Since the 1950s these vegetable oils and their derivatives have been increasingly used in processed foods and for frying or cooking. They are marketed as healthy because they contain monounsaturated fats and some level of omega-3 fatty acids.

What’s Wrong With Vegetable Oils?

There are many problems with vegetable oil consumption, and in my opinion, no amount is safe. To understand why, let’s look at a few of the biggest problems with vegetable oils:

Our Bodies Aren’t Meant to Consume Them!

The fat content of the human body is about 97% saturated and monounsaturated fat, with only 3% polyunsaturated fats. Half of that three percent is omega-3 fats, and that balance needs to be there. Vegetable oils contain very high levels of polyunsaturated fats, and these oils have replaced many of the saturated fats in our diets since the 1950s.

The body needs fats for rebuilding cells and hormone production, but it has to use the building blocks we give it. When we give it a high concentration of polyunsaturated fats instead of the ratios it needs, it has no choice but to incorporate these fats into our cells during cell repair and creation.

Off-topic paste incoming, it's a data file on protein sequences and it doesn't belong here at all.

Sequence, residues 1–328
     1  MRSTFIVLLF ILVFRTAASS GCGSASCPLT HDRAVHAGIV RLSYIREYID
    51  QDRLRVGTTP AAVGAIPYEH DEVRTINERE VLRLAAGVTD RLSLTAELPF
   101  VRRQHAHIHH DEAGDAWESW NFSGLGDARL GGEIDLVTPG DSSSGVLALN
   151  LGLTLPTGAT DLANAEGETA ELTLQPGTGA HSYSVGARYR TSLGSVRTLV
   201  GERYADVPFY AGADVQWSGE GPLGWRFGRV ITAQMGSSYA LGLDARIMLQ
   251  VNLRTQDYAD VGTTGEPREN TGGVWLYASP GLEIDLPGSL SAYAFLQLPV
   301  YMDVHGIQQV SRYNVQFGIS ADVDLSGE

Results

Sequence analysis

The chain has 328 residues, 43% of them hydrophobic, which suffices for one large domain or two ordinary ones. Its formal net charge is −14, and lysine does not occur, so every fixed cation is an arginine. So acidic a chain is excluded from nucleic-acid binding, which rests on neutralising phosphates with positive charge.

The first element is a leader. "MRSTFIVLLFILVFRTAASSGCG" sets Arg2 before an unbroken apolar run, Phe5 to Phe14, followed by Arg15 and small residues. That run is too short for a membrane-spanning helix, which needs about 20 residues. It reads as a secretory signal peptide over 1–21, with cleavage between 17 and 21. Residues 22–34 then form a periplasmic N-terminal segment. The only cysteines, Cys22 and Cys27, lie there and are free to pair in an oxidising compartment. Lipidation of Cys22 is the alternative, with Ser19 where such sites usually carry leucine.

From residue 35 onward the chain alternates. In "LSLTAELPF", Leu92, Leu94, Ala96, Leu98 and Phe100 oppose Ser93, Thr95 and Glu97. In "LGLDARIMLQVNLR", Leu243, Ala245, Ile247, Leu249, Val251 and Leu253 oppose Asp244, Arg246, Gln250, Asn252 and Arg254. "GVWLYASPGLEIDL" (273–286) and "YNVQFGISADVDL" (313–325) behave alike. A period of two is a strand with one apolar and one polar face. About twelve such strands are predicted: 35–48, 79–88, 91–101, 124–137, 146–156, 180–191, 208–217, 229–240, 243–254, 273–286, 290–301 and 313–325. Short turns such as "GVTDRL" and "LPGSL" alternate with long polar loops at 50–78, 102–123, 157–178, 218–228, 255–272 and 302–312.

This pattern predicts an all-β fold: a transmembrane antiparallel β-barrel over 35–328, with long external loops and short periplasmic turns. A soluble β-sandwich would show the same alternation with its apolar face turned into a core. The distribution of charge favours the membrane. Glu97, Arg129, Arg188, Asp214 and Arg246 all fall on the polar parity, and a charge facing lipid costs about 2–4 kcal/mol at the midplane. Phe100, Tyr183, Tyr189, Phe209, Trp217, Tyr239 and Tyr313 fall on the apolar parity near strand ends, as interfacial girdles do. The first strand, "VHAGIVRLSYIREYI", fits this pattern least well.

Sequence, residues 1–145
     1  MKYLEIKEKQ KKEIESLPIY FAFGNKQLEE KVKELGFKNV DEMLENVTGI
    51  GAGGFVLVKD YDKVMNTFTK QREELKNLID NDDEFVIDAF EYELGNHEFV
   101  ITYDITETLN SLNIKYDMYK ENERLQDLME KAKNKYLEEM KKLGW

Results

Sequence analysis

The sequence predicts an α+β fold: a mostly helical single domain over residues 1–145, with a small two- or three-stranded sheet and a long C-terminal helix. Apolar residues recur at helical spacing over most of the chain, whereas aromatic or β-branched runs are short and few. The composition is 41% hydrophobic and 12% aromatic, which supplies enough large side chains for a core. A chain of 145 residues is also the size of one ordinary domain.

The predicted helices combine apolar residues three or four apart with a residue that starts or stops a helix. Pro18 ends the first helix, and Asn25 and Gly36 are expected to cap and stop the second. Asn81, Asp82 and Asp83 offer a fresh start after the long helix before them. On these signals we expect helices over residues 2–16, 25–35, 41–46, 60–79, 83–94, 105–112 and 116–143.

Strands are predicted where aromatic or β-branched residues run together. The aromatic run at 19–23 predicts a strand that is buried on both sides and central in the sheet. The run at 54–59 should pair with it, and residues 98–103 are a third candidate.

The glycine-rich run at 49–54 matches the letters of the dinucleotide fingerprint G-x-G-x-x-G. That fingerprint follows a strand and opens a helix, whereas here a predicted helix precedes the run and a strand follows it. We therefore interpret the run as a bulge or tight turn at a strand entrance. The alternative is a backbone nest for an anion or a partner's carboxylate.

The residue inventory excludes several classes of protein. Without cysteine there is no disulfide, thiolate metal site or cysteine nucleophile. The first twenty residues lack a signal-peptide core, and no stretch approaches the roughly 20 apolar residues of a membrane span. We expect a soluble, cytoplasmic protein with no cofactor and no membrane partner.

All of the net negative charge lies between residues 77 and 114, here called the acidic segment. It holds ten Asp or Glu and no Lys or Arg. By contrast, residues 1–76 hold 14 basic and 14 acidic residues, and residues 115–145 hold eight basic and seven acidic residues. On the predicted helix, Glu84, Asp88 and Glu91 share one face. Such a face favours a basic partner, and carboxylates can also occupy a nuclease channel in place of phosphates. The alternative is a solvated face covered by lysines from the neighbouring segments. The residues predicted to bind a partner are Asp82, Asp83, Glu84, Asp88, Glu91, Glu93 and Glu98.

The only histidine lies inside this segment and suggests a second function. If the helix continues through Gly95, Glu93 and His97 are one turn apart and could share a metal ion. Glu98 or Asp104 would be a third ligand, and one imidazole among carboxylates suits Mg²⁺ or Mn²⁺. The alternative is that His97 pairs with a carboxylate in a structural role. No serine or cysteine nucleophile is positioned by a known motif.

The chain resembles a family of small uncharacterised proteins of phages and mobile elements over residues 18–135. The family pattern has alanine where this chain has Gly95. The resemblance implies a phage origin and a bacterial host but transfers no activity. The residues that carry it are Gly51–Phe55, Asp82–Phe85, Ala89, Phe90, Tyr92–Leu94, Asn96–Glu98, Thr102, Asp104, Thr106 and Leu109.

The problem is that polyunsaturated fats are highly unstable and oxidize easily in the body (if they haven’t already oxidized during processing or by light exposure while sitting on the grocery store shelf). These oxidized fats cause inflammation and mutation in cells.

In arterial cells, these mutations cause inflammation that can clog arteries. When these fats are incorporated into skin cells, their mutation causes skin cancer. (This is why people often get the most dangerous forms of skin cancer in places where they are never exposed to the sun, but that is a topic for another day!)

When these oils are incorporated into cells in reproductive tissue, some evidence suggests that this can spur problems like endometriosis and PCOS. In short, the body is made up of saturated and monounsaturated fats, and it needs these for optimal health.

Vegetable Oils Contain High Levels of Omega-6 Fatty Acids

I’ve talked before about how the body needs omega-3 and omega-6 fats in balance, preferably a 1:1 ratio. Most people consume a much higher ratio of omega-6 fats, and this can lead to problems.

Vegetable oils contain a very high concentration of omega-6 fatty acids and polyunsaturated fats, which cause an imbalance of these oils in the body. Omega-6 fats are easily oxidized with heat or light exposure. This is another reason that when these types of fats/oils are incorporated into tissue like skin cells, the heat and light from sun exposure can increase skin cancer risk.

Unbalanced levels of omega-3 and omega-6 fats have been linked to skin cancer and many types of cancers. As a recent article from the Institute of Natural healing explains: